The United States must work to mitigate the risks that quantum computers pose to national and economic security according to a Bronte Munro, an analyst at the Australian Strategic Policy Institute in Washington, D.C.C. in a comprehensive October 25 article in Foreign Policy summarized below by Quantum News Briefs.
Australia is a natural partner for the United States on quantum computing. Despite having only 0.3 percent of the global population, Australia is home to 10 percent of the world’s quantum scientists; these scientists are supported by a national quantum strategy.
Meanwhile, China is ranked second to the United States in terms of research about this technology, according to the Australian Strategic Policy Institute’s Critical Technology Tracker, and the race to achieve quantum supremacy is intensifying.
The United States must work to mitigate the risks that quantum computers pose to national and economic security. However, he United States can’t safeguard its leadership on quantum computing by acting alone. In a similar situation to the semiconductor industry, there is a limited global talent pool of expertise in the sector, and Washington needs to coordinate the human capital, research and development, and the advanced manufacturing capabilities needed to bring quantum computing online in a time frame conducive to the pacing threat that China poses.
The United States has already acknowledged the pressing need to secure advanced technology supply chains through the passing of the CHIPS and Science Act in August 2022. As the country looks to place similar export controls on advanced technologies such as quantum computing, it must not cut its allies out. Instead, Washington needs to leverage the complementary strengths of each nations’ advanced technology ecosystems. That collaboration must begin with semiconductors.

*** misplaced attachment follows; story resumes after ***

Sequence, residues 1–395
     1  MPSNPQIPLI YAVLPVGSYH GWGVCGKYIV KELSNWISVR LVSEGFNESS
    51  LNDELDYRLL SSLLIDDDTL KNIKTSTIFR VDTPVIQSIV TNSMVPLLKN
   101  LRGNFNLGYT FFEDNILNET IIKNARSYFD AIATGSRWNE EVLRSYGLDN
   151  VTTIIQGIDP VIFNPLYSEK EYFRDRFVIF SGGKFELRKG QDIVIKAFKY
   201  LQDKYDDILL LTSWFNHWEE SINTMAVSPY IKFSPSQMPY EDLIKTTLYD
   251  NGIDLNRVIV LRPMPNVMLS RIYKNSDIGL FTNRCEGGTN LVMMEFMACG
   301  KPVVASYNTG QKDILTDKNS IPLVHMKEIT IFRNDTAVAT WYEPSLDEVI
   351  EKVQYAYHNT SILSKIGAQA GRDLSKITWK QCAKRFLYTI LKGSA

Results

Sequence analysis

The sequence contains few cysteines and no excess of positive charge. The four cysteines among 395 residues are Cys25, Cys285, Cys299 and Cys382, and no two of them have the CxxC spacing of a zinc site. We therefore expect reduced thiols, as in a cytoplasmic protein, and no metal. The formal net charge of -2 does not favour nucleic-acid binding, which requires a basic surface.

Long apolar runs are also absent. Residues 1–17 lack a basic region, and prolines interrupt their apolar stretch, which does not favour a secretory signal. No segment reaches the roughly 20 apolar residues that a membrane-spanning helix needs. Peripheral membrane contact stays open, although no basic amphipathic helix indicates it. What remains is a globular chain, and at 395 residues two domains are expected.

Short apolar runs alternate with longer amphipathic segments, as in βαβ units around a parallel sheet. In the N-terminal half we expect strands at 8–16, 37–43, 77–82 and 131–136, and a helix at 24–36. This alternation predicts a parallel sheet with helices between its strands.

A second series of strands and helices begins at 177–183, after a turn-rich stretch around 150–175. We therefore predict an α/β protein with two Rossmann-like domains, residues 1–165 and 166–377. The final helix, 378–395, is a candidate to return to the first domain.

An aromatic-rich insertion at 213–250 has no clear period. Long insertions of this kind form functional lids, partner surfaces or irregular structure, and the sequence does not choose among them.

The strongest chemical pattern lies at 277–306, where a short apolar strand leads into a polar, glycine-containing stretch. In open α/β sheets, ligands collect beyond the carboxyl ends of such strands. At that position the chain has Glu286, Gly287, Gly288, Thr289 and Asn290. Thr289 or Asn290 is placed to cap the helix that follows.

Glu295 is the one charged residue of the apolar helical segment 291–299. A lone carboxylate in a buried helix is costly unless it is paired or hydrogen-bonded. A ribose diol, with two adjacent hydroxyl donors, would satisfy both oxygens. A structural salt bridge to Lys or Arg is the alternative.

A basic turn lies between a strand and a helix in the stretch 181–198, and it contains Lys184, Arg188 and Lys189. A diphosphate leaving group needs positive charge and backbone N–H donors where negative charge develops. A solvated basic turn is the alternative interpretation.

Conversations on the security of advanced semiconductor supply chains and the importance of investment in quantum computing often occur independently. Yet, Washington’s ability to maintain global leadership in the quantum computing industry hinges on secure access to advanced semiconductor manufacturing.
Collaboration between the United States and Australia in quantum computing sciences dates to the late 1990s, when there was engagement between the U.S. Army Research Office and Australian quantum computing research centers. Alongside the U.S.-Australia bilateral relationship, the AUKUS security arrangement offers the two nations an endorsed pathway to deepen innovation ties and achieve scalability alongside the United Kingdom. Click here to read the Foreign Policy article in-entirety.

IIT Madras joins IBM Quantum Network

IBM has announced that the Indian Institute of Technology Madras (IIT-Madras) becomes the first Indian institution to join the IBM Quantum Network to advance quantum co­mputing skills development and research in India. Quantum News Briefs summarizes the announcement made on Photonics Online.
As a member of the IBM Quantum Network, IIT Madras will get cloud-based access to IBM’s most advanced quantum computing systems and IBM’s quantum expertise to explore practical applications, and realize the wide-ranging benefits of this technology for business and society.
IIT Madras’ Centre for Quantum Information, Communication and Computing (CQuICC) will focus on advancing core algorithms in research areas like Quantum Machine Learning, Quantum Optimization, and applications research in finance. They will use IBM Quantum services alongside the open-source Qiskit framework to explore areas such as quantum algorithms, quantum machine learning, quantum error correction and error mitigation, quantum tomography, and quantum chemistry, and to also advance and grow the quantum computing ecosystem in the country. Researchers from IIT Madras will contribute to the advancement of research in the application of quantum computing with support from IBM Research India in such domains that are relevant to India.
IIT Madras joins more than 180 members of the IBM Quantum Network, a global community of Fortune 500 companies, start-ups, academic institutions, and research labs working with IBM Quantum technology to advance ‎quantum computing and explore practical applications.

Sandra K. Helsel, Ph.D. has been researching and reporting on frontier technologies since 1990.  She has her Ph.D. from the University of Arizona.